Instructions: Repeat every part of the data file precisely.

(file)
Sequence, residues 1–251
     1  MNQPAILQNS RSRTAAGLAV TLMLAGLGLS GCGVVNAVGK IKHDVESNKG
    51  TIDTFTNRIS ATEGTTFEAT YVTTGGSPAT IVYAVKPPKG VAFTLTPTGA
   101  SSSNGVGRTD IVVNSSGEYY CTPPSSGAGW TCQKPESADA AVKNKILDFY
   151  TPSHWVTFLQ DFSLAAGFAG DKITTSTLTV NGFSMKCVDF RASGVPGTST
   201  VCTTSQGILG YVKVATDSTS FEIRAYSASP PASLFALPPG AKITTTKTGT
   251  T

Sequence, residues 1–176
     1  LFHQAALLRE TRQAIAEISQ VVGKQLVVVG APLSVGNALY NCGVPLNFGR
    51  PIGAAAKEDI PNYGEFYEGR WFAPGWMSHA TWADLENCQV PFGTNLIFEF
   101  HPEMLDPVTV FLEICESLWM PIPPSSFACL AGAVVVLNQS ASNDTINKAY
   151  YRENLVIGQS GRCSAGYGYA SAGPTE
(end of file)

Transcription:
Sequence, residues 1–251
     1  MNQPAILQNS RSRTAAGLAV TLMLAGLGLS GCGVVNAVGK IKHDVESNKG
    51  TIDTFTNRIS ATEGTTFEAT YVTTGGSPAT IVYAVKPPKG VAFTLTPTGA
   101  SSSNGVGRTD IVVNSSGEYY CTPPSSGAGW TCQKPESADA AVKNKILDFY
   151  TPSHWVTFLQ DFSLAAGFAG DKITTSTLTV NGFSMKCVDF RASGVPGTST
   201  VCTTSQGILG YVKVATDSTS FEIRAYSASP PASLFALPPG AKITTTKTGT
   251  T

Sequence, residues 1–176
     1  LFHQAALLRE TRQAIAEISQ VVGKQLVVVG APLSVGNALY NCGVPLNFGR
    51  PIGAAAKEDI PNYGEFYEGR WFAPGWMSHA TWADLENCQV PFGTNLIFEF
   101  HPEMLDPVTV FLEICESLWM PIPPSSFACL AGAVVVLNQS ASNDTINKAY
   151  YRENLVIGQS GRCSAGYGYA SAGPTE